Being approached by police in public or at your home can be a nerve-wracking experience. Even if you haven’t done anything wrong, it is normal to feel nervous and anxious about why they are approaching you.
If this happens to you, it’s important to stay calm, polite and know your rights during this time.
Power to Enter Without a Warrant
In NSW police can enter your property without a search warrant in circumstances. Sometimes, police can legally enter your premises if you give them permission to enter – by inviting them in. If you do this and they see something that is unlawful on that property, you could be charged for something completely unrelated to why they are there. Therefore the first rule of thumb is to say “I do not give you permission to enter my property”, however that doesn’t mean you should obstruct or stop them because they usually will have a lawful reason to enter.
Secondly, Police officers should be in uniform or provide evidence of their position when they are attending your premises. They should state their name and station and give their reasons for wanting to enter the premises. A person has the right to request this information from a police officer and you can tell them to switch on their body worn camera. The power to search with and without a warrant comes from the Law Enforcement (Powers and Responsibility) Act 2002 (see sections 9, 10, 46 – 52 and 82).
Police can enter premises without a warrant if:
- A breach of the peace has been committed (which may include very loud noise that is heard by the public, disruptive activities or violent behaviour) and it is necessary to enter in order to end or prevent the breach of the peace.
- A person has suffered or in imminent danger of suffering personal injury.
- An alleged domestic violence offence has occurred. They then have an obligation to inquire about possession of firearms and to search for and take any firearms.
- To arrest or detain someone that has committed an offence. Here they do not need an invitation or a warrant if they reasonably believe that the person to be arrested or detained is in that premises or if they need to execute an arrest warrant. For example: if they were monitoring you in the community and think you need to be arrested for breaching the Public Health Act and you are in that property, then they will enter to detain you.
Entering premises for a search to determine compliance with the Lockdown with a Warrant
The relevant part of the Public Health Act can be summarised here:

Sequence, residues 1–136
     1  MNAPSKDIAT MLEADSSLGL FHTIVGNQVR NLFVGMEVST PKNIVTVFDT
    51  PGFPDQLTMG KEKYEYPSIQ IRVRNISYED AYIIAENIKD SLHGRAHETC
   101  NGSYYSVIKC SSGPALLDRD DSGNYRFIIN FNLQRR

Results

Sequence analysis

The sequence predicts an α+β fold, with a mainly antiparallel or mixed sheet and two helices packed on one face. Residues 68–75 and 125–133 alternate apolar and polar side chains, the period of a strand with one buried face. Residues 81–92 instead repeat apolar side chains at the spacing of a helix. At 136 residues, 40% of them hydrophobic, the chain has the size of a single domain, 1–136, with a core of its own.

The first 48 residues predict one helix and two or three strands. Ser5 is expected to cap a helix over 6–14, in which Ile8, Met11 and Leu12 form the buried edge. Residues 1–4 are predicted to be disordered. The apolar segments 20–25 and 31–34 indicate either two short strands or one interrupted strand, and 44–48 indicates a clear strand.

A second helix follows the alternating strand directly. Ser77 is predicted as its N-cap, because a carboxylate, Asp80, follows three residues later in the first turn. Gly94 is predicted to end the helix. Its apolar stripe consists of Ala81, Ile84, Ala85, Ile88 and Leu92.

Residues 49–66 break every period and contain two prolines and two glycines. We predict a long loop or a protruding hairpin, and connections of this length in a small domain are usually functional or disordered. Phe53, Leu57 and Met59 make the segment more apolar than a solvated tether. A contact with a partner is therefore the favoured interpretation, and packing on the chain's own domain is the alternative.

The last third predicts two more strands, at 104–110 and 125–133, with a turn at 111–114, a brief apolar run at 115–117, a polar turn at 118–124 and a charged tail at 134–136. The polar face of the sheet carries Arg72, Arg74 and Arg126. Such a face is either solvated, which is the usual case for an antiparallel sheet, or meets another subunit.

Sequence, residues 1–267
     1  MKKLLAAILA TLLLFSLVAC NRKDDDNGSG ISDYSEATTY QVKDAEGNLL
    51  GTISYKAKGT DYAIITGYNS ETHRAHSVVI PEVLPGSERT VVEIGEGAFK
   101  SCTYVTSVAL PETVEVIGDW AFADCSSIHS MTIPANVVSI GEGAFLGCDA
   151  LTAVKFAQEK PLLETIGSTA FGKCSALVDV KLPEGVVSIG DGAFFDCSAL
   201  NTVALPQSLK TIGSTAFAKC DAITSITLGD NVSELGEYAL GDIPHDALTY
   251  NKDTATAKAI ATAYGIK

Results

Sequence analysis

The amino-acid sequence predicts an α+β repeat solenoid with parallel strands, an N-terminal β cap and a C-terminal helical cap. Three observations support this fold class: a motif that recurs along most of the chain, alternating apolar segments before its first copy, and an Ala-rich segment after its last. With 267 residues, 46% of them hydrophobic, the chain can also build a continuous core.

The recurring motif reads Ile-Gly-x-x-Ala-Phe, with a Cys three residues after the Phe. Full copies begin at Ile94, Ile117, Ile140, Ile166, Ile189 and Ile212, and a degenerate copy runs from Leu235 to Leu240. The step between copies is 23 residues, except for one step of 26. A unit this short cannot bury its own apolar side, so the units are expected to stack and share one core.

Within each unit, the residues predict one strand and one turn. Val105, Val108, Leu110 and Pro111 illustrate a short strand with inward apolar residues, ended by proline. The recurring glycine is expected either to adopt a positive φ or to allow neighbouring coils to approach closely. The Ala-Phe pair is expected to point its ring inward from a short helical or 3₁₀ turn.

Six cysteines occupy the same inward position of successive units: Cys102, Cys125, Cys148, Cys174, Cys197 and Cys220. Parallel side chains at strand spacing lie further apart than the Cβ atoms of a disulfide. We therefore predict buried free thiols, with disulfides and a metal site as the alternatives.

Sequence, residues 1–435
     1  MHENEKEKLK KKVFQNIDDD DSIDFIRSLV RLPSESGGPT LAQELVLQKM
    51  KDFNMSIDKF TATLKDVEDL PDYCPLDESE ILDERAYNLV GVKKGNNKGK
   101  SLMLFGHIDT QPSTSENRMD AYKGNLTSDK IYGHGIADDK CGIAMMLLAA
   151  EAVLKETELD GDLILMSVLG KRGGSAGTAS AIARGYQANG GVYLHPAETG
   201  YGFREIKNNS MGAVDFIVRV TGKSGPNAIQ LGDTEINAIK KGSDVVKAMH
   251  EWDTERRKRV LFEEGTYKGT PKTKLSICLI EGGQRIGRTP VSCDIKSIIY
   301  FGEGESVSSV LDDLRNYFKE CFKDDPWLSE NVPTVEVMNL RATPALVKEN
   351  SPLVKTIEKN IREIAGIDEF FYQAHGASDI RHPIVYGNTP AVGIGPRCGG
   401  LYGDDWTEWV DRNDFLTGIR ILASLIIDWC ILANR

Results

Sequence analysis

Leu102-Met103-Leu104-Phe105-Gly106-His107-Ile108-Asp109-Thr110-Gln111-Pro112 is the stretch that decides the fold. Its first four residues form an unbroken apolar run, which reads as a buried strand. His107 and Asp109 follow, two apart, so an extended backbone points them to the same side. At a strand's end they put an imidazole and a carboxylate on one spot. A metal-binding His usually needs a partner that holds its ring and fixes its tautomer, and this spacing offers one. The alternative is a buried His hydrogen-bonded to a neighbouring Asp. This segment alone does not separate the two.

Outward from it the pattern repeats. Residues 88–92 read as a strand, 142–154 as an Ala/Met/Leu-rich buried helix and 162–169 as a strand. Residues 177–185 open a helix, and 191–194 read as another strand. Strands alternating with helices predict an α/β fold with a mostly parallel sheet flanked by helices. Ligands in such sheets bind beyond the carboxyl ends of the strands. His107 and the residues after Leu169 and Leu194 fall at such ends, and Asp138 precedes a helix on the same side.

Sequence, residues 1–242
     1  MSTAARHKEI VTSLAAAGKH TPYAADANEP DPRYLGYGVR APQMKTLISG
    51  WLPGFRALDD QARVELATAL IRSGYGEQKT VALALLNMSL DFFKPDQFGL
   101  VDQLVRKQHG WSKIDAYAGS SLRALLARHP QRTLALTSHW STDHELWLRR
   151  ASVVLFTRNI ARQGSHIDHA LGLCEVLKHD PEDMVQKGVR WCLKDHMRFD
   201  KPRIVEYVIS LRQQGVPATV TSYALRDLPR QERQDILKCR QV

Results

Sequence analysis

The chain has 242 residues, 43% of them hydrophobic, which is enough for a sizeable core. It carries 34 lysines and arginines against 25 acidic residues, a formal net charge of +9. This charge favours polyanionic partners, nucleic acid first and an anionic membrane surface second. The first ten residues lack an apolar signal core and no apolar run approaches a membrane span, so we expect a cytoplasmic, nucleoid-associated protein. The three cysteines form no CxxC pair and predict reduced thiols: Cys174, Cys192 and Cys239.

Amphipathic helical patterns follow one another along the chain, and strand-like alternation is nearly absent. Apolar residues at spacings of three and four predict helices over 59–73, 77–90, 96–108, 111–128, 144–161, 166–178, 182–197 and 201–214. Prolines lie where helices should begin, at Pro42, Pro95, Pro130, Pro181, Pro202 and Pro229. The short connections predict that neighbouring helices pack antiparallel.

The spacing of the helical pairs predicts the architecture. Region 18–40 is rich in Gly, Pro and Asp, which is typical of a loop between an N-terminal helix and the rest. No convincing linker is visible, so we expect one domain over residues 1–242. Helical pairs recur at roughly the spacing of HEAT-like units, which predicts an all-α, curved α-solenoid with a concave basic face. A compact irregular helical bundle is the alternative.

- Police are allowed to enter commercial and residential premises if they consider it necessary and they produce either a valid search warrant or a valid certificate of authority, or if the occupier provides informed consent.
- A search warrant must be produced if they want to enter a ‘mixed use’ premises that is solely used for residential purposes or if the occupier provides informed consent.
- Police can enter premises used solely for residential purposes ONLY if they have a valid search warrant, or the occupier provides informed consent.
Police must then provide reasonable notice to the occupier that they are going to search the premises, unless this would defeat the purpose of the search, and the search must be done at a reasonable time of the day, unless it there is an ‘emergency’ situation.
The above powers come from Section 108 of the Public Health Act.
If NSW Police have a search warrant, make sure you:
- Get a copy of the search warrant and occupiers notice
- Politely ask the officer about the why they are there to search and what they are looking for
- Request that they record the entire search
- Use your phone to record the search from a safe distance without obstructing any officer.
- DO NOT argue the validity of the warrant when they are at your door – that’s not the appropriate time – your lawyer will do that in court
- Remember that it is an offence to obstruct or hinder an officer or other person carrying out a search under that warrant.
What are the penalties for failing to comply with officers wanting to enter your premises?
- A fine of $5500 or imprisonment of up to 5 years if you are found to be hindering, intimidating or assaulting police.
- A fine of $5500 if you fail, without a reasonable excuse, to comply with an officer’s lawful direction to enter premises, answer questions or provide details under search authorised by the Public Health Act or a fine of $11,000, if you intimidate or willfully obstruct or hinder an officer who is exercising a function under that Act. See Sections 113, 116 and 118 Public Health Act.
If you have been charged by NSW Police or need assistance with a wrongful search or arrest, call 1800 100 529 to speak to a Criminal Law Specialist.
Written by Mr. Chadi Irani, Accredited Specialist in Criminal Law
Powerhouse Law Australia